Michael “Mike” Gerard Tyson was born in Bedford Stuyvesant on June 30, 1966, to Purcell Tyson and Lorna Mae Smith.
Tyson was one of the three children in his family. He had an older brother Rodney and a sister Denise, as well as a half-brother, Jimmie Lee. The family lived in Bedford Stuyvesant until their financial burdens necessitated a move to Brownsville when Tyson was 10 years old.
Ever since his early years, Tyson was involved in fights; he often resorted to his fist to solve problems of bullying. By the age of 13, he had already been arrested 38 times, also for committing petty crimes. Tyson was sent to Tryon School for Boys in Johnstown, New York.
It was there that Bobby Stewart, a juvenile detention center counselor and former boxer, noticed his boxing skills. Stewart considered Tyson to be an outstanding fighter and trained him for a few months before introducing him to Cus D’Amato in 1980.
Amato set a rigorous training schedule for the aspiring boxer. Tyson attended Catskill High School during the day and practiced in the ring every evening. However, he did not graduate from school and left as a junior. Instead, he pursued a career in boxing, winning his first 19 professional fights by knockout or stoppage, 12 of them in the first round.
In 1981, Tyson participated in the Junior Olympic Games and won his first gold medal after defeating Joe Cortez; the following year he was victorious again after beating Kelton Brown. Three years later, at the age of 18, Tyson made his professional debut.
On November 22, 1986, Tyson was given his first title fight against Trevor Berbick for the World Boxing Council heavyweight championship. He won the title by TKO in the second round, and at the age of 20, he became the youngest heavyweight champion in history.
Next, Tyson added the titles from the World Boxing Association and the International Boxing Federation after defeating James Smith and Tony Tucker in 1987. This made him the first heavyweight boxer to simultaneously hold the WBA, WBC and IBF titles, and the only heavyweight to successively unify them.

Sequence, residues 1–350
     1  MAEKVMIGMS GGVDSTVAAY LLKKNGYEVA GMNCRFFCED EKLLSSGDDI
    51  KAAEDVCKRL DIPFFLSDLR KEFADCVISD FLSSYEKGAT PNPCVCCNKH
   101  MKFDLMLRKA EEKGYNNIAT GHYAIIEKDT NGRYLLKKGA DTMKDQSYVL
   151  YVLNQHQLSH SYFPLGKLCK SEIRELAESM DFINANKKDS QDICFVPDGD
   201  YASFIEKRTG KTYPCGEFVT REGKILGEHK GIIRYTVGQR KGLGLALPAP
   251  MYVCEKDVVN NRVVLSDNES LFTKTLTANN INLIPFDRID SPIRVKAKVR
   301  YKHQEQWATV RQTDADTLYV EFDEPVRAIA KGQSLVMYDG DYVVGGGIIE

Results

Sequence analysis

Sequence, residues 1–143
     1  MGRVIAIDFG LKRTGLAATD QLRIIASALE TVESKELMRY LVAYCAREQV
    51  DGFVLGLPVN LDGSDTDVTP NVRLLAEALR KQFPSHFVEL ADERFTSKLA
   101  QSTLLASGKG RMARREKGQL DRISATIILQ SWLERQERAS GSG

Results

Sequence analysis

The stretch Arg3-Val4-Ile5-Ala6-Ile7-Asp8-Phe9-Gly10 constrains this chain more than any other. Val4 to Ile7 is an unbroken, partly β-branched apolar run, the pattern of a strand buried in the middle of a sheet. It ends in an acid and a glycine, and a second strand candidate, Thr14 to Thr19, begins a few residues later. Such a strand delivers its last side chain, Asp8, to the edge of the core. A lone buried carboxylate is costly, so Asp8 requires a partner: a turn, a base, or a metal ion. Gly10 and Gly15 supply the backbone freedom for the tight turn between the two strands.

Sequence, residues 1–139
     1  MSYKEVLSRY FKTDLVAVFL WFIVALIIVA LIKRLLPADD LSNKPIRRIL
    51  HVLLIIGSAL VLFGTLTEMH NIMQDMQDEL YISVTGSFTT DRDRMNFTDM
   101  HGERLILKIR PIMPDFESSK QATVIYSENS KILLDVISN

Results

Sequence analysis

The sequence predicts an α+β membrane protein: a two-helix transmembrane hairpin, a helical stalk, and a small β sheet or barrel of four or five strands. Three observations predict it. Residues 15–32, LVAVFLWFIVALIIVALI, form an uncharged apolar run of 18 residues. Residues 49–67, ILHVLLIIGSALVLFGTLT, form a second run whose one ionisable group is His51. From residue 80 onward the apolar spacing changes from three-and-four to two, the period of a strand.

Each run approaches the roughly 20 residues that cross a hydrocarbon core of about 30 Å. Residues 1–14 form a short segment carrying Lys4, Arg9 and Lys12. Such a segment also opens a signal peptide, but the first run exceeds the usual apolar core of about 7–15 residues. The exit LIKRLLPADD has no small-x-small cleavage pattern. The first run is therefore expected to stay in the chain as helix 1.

He successfully defended his titles nine times, until he lost them in 1990 to underdog Buster Douglas who knocked him out in the tenth round. Attempting to regain the titles, Tyson defeated Donovan Ruddock twice in 1991, but pulled out of a fight with then-undisputed heavyweight champion Evander Holyfield — who had defeated Douglas later in 1990– due to a rib injury.
Tyson’s career came to an abrupt halt in 1992, when he was convicted of rape and sentenced to six years in prison; he was released on parole after serving three years. After his release in 1995, he engaged in a series of comeback fights. He won the WBC and WBA titles in 1996, after stopping Frank Bruno and Bruce Seldon.
With his defeat of Bruno, Tyson joined Floyd Patterson, Muhammad Ali, Tim Witherspoon, Evander Holyfield and George Foreman as the only men in boxing history to regain a heavyweight championship after having lost it. After being stripped of the WBC title in the same year, Tyson lost the WBA title to Evander Holyfield by an eleventh round stoppage. Their 1997 rematch ended when Tyson was disqualified for biting Holyfield’s ears.
In 2002, Tyson fought for the world heavyweight title again, now at the age of 35, but lost by knockout to Lennox Lewis. He retired from professional boxing in 2006, after being knocked out in consecutive matches against Danny Williams and Kevin McBride.
Tyson was inducted into the International Boxing Hall of Fame in 2011.
He currently ranks No.15 in BoxRec’s ranking of the greatest heavyweight boxers in history. He was ranked No. 16 on The Ring’s list of the “100 Greatest Punchers of All Time” and No. 1 in the ESPN.com list of “The Hardest Hitters in Heavyweight History.” Sky Sports described him as “perhaps the most ferocious fighter to step into a professional ring.”
Tyson was known for his ferocious and intimidating boxing style as well as his controversial behavior inside and outside the ring. Nicknamed “Iron Mike” and “Kid Dynamite” in his early career, and later known as “The Baddest Man on the Planet,” Tyson is considered one of the best heavyweight boxers of all time. He holds the third longest unified championship reign in heavyweight history at eight consecutive defenses.
Mike Tyson, we acknowledge the enormous and irrevocable contributions you have made to the sport of boxing, and we honor your professional successes.
*Sources: biography.com, imdb.com, wikipedia.com
February is Black History Month! Every day this month, BK Reader will profile one Black History Maker born or raised in Brooklyn. There are countless Brooklynites– past and present– who have contributed to America’s fabric as pioneers or leaders in art, entertainment, sports, science and government. This month, we present to you 28! Click here to see all of the profiles.